Canine Hiking Basics

Roxanne Hawn

Tips for Hiking with your Dog

Dogs of many shapes and sizes make good hiking partners. On day hikes around my home in the Rocky Mountains, I see dogs you’d expect, including retrievers, herding dogs, and sturdy mixed breed dogs. I also see small, even tiny, dogs out enjoying the trails. The Miniature Dachshund who powers up steep trails with his short, muscular legs and the Yorkshire Terrier who runs with a large group of 20-something men are two of my favorites.

It isn’t the size or shape of the dog that matters as much as the preparations you make to keep your dog happy and safe on the trails.

Conditioning

Unless your dog is already super fit, start with regular neighborhood walks, building toward greater distances and time. Once your dog can handle 60- to 90-minute daily walks on typical ground, begin your transition to rougher terrain. Initially, you’re trading challenge for time, so keep your first hikes relatively short – maybe 30 minutes. You want to build strength and stamina, including toughening up your dog’s footpads.

If 30 minutes goes well, then increase time and distance 15 minutes or a quarter of a mile each outing. Just remember to keep things shorter if you’re crossing steeper terrain.

Watch your dog for signs of fatigue or paw tenderness. Don’t rely, however, on your dog to tell you if you’ve gone far enough. Dogs often find hiking new areas so fun that they’ll continue hiking longer than is prudent. This is one reason I prefer out-and-back routes, rather than trails that loop. It allows me to make better decisions for my dog on any given day.

Trail Training

Always know and follow trail rules. Some places require dogs be leashed at all times. Some – including many national park trails – don’t allow dogs at all.

If you are going to allow your dog off leash on hikes, make sure you have trained both a solid “leave it” and a reliable recall. These things may protect your dog from eating things she finds along the way, preying on small game, falling victim to large predators, and facing other trail hazards.

I’m also a big fan of teaching dogs to yield the trail. I use the cue “off trail,” which signals my dogs to step off the trail, sit, and wait for people, dogs, bikers, and horses to pass.

Water

I carry as much water for my dog as for myself, even on routine two-hour hikes. I also leave a large beverage cooler with more water and ice in my car so we have something fresh and cold to drink when we get back to the trailhead.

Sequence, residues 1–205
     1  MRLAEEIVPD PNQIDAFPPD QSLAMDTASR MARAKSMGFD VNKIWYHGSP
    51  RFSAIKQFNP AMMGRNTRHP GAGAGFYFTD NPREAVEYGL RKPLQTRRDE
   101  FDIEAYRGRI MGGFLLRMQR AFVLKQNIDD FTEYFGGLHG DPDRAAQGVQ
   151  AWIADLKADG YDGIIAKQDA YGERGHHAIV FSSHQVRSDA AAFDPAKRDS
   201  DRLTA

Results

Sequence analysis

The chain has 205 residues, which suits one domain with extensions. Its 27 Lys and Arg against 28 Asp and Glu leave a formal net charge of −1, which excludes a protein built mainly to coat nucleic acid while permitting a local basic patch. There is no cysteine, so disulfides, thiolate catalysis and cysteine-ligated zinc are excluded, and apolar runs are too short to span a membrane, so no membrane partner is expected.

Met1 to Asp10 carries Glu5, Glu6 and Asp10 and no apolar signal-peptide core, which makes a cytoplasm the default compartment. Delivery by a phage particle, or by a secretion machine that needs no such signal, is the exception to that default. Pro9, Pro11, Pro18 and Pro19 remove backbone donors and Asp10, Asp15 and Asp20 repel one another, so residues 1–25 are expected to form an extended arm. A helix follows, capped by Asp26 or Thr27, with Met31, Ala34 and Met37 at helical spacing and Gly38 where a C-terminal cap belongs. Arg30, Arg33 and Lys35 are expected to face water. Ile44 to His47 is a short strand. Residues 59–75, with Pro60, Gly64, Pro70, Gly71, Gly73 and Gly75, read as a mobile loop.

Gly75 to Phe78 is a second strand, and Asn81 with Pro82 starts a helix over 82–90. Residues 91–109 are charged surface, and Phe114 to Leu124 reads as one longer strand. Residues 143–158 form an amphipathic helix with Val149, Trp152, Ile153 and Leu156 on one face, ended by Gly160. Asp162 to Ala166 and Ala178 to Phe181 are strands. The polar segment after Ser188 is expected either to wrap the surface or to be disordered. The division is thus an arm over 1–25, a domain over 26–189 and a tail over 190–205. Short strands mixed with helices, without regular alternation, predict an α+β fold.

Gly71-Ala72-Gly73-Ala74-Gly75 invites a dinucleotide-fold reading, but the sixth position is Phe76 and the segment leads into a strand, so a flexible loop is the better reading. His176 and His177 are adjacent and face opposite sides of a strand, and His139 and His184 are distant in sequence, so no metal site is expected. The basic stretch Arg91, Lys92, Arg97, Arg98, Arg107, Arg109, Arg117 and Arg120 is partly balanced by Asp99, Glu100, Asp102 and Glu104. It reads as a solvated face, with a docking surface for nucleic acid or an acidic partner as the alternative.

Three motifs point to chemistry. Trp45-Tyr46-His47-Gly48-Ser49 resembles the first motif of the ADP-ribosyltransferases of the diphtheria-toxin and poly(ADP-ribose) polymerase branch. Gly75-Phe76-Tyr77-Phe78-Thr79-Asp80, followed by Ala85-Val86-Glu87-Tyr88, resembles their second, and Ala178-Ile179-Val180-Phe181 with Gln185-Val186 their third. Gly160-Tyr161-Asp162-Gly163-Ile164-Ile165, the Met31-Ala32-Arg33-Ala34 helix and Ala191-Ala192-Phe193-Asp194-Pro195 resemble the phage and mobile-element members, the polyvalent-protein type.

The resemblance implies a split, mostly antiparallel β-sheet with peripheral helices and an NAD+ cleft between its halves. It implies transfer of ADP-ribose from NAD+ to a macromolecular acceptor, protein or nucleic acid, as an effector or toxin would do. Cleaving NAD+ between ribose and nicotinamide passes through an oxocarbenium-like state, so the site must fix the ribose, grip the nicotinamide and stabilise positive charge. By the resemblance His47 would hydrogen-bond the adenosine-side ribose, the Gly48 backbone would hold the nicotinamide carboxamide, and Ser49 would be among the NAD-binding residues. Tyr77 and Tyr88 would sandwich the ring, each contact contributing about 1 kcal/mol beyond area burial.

Under normal conditions, dogs typically drink about 1 ounce of water per pound per day. During exertion in both hot and cold weather, those needs increase.

Typically, if my dog won’t accept water, even if I think she needs it, I pour it over her head or splash it on her armpits to provide a little bit of cooling on hot days.

Basic Equipment

Use your dog’s collar for tags only, and hook the leash to a good harness instead.

If you’re taking serious treks or hiking on tough terrain (especially “slick rock” areas of places in Utah and elsewhere), train your dog to wear protective booties. You do not want to be in a situation where you have to carry your dog long distances for help, due to a paw injury.

Most dogs conditioned to wear packs can carry about 25 percent of their body weight, including their own food and water. Some dogs, though, depending on breed and build, will be more comfortable carrying just 10-15 percent of their body weight.

Early on, my dogs wore inexpensive saddlebag-style packs I bought at a typical pet supply store. As our hikes became more elaborate, I switched to something nicer. Ruffwear  makes good canine packs, including some with built-in hydration systems.

Personally, I’m a fan of a harness and pack combination from Canine Equipment called the Ultimate Trail Pack. I like that the panniers unsnap, so the dog can wear just the harness if you prefer. The suitcase-like handle also comes in handy if your dog needs a boost.

If you’re hiking in the heat, especially with a dark-coated dog, consider getting a so-called “swamp cooler” vest that provides evaporative cooling.

Lost Dogs

For safety’s sake, I recommend the following things, which might help you find your dog if he goes missing on a hike:

  • Recent photo of your dog in your pack
  • Collar with up-to-date ID tags
  • Microchip
  • Dog whistle (sound carries farther than your voice)
  • LED strobe light attached to your dog’s collar or harness
  • GPS beacon (Consumer Reports tested several models.)

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